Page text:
An event in the life of glaciers that had never been observed before has just surprised glaciologists. A lake resting on the ice cap drained in the middle of winter, causing a cascade effect.
Greenland’s ice melts in the summer and is reconstructed in the winter. A cycle that repeats itself every year, at least that is what glaciologists thought until recent results. A French-Danish and American team discovered in a large dataset that 180 million m3 of water were released into the sea in the middle of winter by a coastal glacier in western Greenland. The source of this flood is a fifty year old glacial lake that has emptied.
This type of lake appears on the surface of an ice cap in summer when it is hot, the water runs off and accumulates. These are lakes that are several square kilometers in size,” explains Olivier Gagliardini, a glaciologist at Grenoble Alpes University in France. When winter arrives, the snow settles on the frozen surface of the lake, and isolates it from the cold. This leaves a large volume of liquid water trapped in the ice. In the summer it expands. Darker liquid water captures more solar energy and water that is heavier than ice takes up more space.
On March 9, 2018, upstream of Ilulissat 142 kilometers inland, and at an altitude of 1,600 meters on the Jakobshavn Isbræ cap, two glacial lakes disappear. “A fracture opened up and a conduit formed below the surface of the glacier,” says the glaciologist.
This event triggers an acceleration of the glacier’s downstream flow. “This is the first time that such a high flow velocity has been observed in winter. The passage of the flood has changed the physical constraints between the ground and the glacier, and other lakes have also drained downstream, a cascade effect,” he adds. The water was able to lift the hundreds of meters thick glacier by 20 cm.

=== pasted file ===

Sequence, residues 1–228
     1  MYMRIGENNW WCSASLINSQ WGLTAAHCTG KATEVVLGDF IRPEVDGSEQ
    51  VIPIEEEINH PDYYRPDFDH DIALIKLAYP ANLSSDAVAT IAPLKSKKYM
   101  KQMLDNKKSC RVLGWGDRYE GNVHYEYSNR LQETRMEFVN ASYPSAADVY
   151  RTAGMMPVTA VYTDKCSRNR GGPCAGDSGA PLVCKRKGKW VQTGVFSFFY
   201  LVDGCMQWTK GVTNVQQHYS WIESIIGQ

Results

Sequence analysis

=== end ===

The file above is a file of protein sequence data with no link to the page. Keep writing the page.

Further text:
Now, whether glacier flow will tend to accelerate due to subglacial flooding remains a matter of debate in the scientific community. “There are two schools of thought”, discusses the glaciologist. “One is that the acceleration of glacier flow will not occur because the water is cutting channels underneath them. The other thinks that crevasse fields may rise in elevation allowing meltwater to find the glacier bases further upstream, and would accelerate the flow of the upstream part of the glaciers.”
Eventually the two schools could come together. “They may agree,” he concludes, “that the glaciers will flow faster at higher elevations, and then downstream they would flow slower, but melt all the more.”
On the whole of the coastal glaciers of Greenland, the researchers located 4 other drainages of this type. “The one in 2018 represents a sea level rise of 0.0005 mm,” he calculates. That’s not much, but it shows that there is a lag of several decades for this water to reach the sea.” Information to consider when predicting sea level rise.
Camille Lin, PolarJournal
Link to study: Maier, N., Andersen, J.K., Mouginot, J., Gimbert, F., Gagliardini, O., 2023. Wintertime Supraglacial Lake Drainage Cascade Triggers Large-Scale Ice Flow Response in Greenland. Geophysical Research Letters 50, e2022GL102251. https://doi.org/10.1029/2022GL102251.
Learn more about this topic: